CBPR Toolkit

Author: AAPCHO, National Association of Community Health Centers (NACHC)

Type:

Area:

Description:

AAPCHO is pleased to introduce its latest research toolkit! The Community-Based Participatory Research (CBPR): A Health Center Toolkit with Asian Americans, Native Hawaiians, and Pacific Islanders (AA&NHOPI) orCBPR Toolkit” is a joint collaboration between AAPCHO and the National Association of Community Health Centers (NACHC). It is intended as a handbook for community health centers (CHCs) and researchers interested in collaborative research activities.

We encourage you to send us your feedback or additional resources for this toolkit, as we will continually update and develop its usefulness to researchers and health centers with your contributions. To reach us, email AAPCHO at researchtoolkit@aapcho.org or NACHC at research@nachc.com.

You can also submit your feedback via our CBPR Toolkit Evaluation.

The CBPR Toolkit was sponsored in part by the National Institutes of Health, National Center on Minority Health and Health Disparities (NIH NCMHD Grant #P60 MD000538-07S1) and the Agency for Healthcare Research and Quality, US Department of Health and Human Services (Requisition #07R000132).

Background

Increasing calls for more comprehensive and participatory approaches to studying public health have led to the development of community-based models of research, in which communities actively and equitably engage in the research process. Carefully executed, Community-Based Participatory Research (CBPR) benefits not only researchers, but also the community under study by empowering it with the knowledge and tools to implement changes.

With that said, there is now a growing interest in conducting CBPR at health centers focused on medically underserved populations, such as Asian Americans, Native Hawaiians, and other Pacific Islanders. From building ideas, to finding appropriate collaborators, to writing grant proposals, this extensive and evolving toolkit provides the resources health centers and researchers need to start a CBPR project and support the development, success, and sustainability of their projects together.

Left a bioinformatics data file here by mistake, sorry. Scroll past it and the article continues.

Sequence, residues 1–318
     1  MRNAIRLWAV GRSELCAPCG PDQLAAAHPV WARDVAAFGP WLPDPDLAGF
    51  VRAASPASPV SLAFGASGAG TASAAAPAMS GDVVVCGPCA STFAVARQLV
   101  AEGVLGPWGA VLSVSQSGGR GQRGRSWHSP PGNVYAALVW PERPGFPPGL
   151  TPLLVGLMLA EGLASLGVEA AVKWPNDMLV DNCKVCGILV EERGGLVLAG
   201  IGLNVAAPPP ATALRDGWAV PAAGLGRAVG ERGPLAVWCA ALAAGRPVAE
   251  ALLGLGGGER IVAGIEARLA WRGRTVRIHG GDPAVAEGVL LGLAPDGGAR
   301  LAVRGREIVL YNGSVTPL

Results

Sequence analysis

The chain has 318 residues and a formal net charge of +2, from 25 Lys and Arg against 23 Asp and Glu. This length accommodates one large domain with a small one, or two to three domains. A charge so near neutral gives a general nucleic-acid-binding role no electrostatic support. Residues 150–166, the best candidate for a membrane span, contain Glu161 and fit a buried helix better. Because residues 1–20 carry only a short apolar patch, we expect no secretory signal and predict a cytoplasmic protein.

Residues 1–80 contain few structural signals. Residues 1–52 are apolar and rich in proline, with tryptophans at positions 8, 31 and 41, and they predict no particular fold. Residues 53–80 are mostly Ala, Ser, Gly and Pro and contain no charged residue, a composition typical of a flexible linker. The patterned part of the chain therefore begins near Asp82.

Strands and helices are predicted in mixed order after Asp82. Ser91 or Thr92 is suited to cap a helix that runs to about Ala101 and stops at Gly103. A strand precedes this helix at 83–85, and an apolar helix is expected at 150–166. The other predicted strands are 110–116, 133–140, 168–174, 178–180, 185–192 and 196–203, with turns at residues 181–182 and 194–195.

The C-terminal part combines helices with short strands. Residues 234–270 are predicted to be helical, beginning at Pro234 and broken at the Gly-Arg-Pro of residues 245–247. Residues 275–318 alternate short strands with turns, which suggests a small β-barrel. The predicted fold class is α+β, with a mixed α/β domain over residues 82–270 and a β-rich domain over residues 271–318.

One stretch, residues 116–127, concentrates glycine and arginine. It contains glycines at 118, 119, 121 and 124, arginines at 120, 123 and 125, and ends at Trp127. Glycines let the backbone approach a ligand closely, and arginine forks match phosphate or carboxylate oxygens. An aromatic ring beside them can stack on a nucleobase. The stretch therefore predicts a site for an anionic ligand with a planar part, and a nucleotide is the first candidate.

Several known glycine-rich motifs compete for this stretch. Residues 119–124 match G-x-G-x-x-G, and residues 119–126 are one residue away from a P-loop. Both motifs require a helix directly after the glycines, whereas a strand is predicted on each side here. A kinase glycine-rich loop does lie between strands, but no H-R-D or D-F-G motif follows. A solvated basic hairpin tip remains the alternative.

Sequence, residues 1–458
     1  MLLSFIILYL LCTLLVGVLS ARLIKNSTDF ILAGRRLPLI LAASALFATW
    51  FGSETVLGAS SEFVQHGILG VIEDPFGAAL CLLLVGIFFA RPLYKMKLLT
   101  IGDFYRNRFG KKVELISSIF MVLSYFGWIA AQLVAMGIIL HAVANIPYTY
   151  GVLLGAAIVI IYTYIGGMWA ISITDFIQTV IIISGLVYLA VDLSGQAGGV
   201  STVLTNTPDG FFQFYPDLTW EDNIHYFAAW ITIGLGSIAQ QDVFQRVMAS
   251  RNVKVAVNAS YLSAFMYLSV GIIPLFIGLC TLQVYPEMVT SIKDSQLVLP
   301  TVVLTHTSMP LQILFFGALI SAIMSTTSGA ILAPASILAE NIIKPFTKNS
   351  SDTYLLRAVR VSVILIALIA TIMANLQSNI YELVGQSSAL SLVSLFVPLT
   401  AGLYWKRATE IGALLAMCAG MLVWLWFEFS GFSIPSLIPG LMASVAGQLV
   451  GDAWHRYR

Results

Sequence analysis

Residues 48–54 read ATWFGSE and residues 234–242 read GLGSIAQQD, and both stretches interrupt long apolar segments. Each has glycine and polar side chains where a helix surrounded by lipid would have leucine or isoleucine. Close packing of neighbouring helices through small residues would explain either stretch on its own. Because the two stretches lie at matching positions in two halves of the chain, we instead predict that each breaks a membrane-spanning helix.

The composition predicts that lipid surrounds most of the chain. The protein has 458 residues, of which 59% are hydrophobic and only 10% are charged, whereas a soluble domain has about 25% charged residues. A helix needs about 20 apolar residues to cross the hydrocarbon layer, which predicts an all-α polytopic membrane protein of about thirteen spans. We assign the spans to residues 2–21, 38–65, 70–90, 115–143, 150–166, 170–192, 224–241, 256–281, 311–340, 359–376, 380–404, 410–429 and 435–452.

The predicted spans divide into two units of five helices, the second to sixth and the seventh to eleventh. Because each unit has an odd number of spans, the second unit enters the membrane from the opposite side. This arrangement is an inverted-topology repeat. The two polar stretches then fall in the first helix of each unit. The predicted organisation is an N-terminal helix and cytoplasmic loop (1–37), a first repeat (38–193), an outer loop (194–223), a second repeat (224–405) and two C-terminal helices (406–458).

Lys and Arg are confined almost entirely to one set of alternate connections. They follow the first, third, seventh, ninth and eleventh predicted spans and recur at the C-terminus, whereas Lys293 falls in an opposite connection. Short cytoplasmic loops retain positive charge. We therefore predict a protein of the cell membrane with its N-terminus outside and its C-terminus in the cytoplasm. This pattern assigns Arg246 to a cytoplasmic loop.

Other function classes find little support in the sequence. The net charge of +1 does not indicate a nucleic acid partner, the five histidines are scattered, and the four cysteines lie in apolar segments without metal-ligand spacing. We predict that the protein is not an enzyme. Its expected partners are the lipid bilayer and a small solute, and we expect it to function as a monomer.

The Community-Based Participatory Research: A Health Center Toolkit with Asian Americans, Native Hawaiians, and Pacific Islanders (CBPR E-Toolkit) contains an array of useful information for health centers and researchers, including:

  • Research Readiness Assessments
  • Steps to Building CBPR Partnerships and Trust
  • How to Develop a Memorandum of Understanding Between Partners
  • A Protocol for Submitting a Research Proposal Collaboratively
  • A Sample of a Funded Research Proposal

FAQs

What is the toolkit?
The toolkit is a collection of resources intended as a handbook for community health centers and researcher interested in collaborative research activities.

How often do you update the CBPR Toolkit?
We try to update this toolkit quarterly, at minimum every 6 months.

Is a hard copy or CD-rom of this CBPR Toolkit available?
Unfortunately, we are unable to offer with a hard copy or CD as the tool is constantly evolving with new resources added.

Is there a way to be notified when the toolkit is updated?
To be alerted of updates, please join our listserv by sending an email to researchtoolkit@aapcho.org.

Why aren’t articles directly linked to the source?
Most, if not all, articles cited are copyrighted material that we do not have permission to post directly. Some articles may be offered free through PubMed or Google Scholar. For those that are not available, many academic institutions and public libraries offer free access to these journals.

What is CBPR?

Community-based participatory research (CBPR) is, “a collaborative approach to research that equitably involves all partners in the research process and recognizes the unique strengths that each brings. CBPR begins with a research topic of importance to the community with the aim of combining knowledge and action for social change to improve community health and eliminate health disparities.” (W.K. Kellogg Foundation’s Community Health Scholars Program, 2001) CBPR relies on “trust, cooperation, dialogue, community capacity building, and collaborative inquiry toward its goal of improving health and well-being.” (Minkler and Wallerstein, 2003)